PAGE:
Burundi Briefing and Consultations
On Thursday (5 July), Karin Landgren—the Secretary-General’s outgoing Special Representative and head of the UN Office in Burundi (BNUB)—will brief the Council, followed by consultations. (On 7 June, Parfait Onanga-Anyanga of Gabon was appointed the new Special Representative and head of mission in Burundi.) Ambassador Paul Seger (Switzerland), the chair of the Burundi configuration of the Peacebuilding Commission (PBC), is also expected to brief the Council. Council members are likely to be particularly interested in an update of the situation in Burundi as a written report was not due in advance of the Council meetings. BNUB’s mandate expires on 15 February 2013.
In terms of Council action, it seems that France—as the lead on Burundi—will likely introduce a draft presidential statement following the consultations highlighting the key challenges in the country. (Most notably perhaps, these include political repression and the lack of movement on security sector reform.) If adopted, this presidential statement will likely be accompanied by a letter from the Council President responding to the Secretary-General’s letter of 10 May setting out benchmarks for BNUB (S/2012/310). The letter, which was in line with resolution 2027 (2011), includes an annex of benchmarks and indicators of progress, devised in consultation with the government of Burundi.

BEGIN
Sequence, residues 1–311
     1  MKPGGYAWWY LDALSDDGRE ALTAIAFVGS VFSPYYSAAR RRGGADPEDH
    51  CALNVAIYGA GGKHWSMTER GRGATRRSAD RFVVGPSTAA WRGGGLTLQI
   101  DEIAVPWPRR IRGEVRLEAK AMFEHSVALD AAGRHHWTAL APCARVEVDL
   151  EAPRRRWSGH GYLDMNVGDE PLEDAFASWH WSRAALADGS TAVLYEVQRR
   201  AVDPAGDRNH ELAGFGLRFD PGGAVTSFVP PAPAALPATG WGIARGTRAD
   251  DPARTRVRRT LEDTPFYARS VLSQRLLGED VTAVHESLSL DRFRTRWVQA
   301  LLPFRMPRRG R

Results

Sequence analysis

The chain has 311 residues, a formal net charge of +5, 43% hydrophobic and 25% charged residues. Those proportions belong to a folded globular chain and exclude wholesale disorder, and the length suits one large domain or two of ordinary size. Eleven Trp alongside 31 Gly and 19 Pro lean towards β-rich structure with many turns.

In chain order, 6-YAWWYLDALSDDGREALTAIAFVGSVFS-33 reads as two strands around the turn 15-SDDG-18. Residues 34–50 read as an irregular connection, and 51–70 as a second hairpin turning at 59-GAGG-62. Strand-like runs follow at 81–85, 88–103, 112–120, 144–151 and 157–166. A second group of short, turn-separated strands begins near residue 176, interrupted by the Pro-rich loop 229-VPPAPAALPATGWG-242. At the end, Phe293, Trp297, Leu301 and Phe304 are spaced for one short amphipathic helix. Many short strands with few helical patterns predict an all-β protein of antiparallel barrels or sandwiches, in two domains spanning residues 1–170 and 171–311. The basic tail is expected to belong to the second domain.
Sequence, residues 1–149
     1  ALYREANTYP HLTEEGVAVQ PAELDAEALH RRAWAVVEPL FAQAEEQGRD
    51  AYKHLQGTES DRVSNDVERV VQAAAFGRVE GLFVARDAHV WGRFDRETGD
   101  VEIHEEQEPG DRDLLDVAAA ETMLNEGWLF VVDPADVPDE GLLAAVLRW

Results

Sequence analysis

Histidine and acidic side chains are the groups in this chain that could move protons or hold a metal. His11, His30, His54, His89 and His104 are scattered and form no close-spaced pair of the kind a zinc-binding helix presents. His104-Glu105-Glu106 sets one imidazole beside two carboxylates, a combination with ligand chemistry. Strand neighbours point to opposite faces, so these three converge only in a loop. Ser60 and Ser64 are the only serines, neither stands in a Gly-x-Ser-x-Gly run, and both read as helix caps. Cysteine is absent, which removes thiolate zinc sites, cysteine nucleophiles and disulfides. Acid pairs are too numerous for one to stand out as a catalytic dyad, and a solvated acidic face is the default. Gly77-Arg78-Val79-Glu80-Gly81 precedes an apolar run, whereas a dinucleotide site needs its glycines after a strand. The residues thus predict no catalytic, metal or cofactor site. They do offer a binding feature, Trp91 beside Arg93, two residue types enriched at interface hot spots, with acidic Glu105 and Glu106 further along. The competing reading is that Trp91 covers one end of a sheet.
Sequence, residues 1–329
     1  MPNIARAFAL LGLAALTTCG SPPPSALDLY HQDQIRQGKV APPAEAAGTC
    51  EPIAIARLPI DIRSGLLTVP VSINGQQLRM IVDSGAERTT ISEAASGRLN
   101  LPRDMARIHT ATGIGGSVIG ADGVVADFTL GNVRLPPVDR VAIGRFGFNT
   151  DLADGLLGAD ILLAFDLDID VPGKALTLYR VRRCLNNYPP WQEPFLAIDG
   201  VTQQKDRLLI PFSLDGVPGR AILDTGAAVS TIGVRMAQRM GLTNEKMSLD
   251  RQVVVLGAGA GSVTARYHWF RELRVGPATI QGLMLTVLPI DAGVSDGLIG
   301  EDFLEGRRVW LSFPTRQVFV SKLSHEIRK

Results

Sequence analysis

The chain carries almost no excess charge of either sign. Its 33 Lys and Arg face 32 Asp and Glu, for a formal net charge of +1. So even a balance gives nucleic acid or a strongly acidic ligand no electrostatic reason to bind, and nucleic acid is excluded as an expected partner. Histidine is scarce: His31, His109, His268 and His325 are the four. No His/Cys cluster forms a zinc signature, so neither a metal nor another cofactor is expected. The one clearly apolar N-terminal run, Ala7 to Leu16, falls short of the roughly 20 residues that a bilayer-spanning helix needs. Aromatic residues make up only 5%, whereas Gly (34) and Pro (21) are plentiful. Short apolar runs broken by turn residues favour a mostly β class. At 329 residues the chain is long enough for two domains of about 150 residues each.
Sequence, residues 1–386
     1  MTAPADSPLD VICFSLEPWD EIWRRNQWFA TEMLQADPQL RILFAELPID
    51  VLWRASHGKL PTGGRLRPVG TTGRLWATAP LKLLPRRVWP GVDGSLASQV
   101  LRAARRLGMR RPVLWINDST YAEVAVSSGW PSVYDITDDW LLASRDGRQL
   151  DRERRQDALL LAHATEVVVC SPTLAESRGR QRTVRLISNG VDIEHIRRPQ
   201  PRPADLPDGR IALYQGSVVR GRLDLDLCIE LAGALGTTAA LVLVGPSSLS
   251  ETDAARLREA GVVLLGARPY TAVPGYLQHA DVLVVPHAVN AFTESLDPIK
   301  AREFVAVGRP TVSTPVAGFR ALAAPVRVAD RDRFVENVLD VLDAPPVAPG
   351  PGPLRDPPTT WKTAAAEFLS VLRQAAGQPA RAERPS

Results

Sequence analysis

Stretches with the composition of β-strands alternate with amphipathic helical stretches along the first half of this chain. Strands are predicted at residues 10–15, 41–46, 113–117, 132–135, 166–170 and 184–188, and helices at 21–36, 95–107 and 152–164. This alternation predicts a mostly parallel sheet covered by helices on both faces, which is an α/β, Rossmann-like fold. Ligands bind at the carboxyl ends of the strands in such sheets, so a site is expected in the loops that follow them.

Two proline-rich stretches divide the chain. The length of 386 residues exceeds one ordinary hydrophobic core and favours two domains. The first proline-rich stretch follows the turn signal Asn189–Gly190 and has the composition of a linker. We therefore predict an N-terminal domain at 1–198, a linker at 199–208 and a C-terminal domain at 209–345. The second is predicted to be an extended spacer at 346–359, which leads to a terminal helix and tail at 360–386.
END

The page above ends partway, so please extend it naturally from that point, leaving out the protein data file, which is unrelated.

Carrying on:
The eight listed benchmarks cover a wide range of issues, including democratic progress, governance and institution-building, and human rights. Council members are likely to be interested in obtaining more details about the benchmarks and, in particular, what timeframe is envisaged as the document does not set out specific dates by which the desired progress should be made. Additionally, Council members might seek greater clarity on some of the indicators listed for the benchmarks which are rather unspecific, such as “progress made in the rightsizing of the security and defence forces” and “progress made in the independence of the judiciary”.
It seems that several Council members are determined to send a clear signal to Burundi that improvement in several areas is imperative, especially on the political front. Although this has been a persistent area of tension between the government and the UN in the past, it seems that Council members consider the key challenges impacting peace and security in Burundi as largely political. (During a high-level event on peacebuilding in Burundi held on 23 September 2011 on the margins of the General Assembly, the Foreign Minister of Burundi criticised what he viewed as the overemphasis of the UN and the PBC on the political sphere and recommended that their involvement in Burundi should focus on the socioeconomic sphere.) With this in mind, Council members are likely to seek an update on the levels of corruption in the country (the reduction of which is mentioned in the benchmarks) following reports that the situation is not improving.
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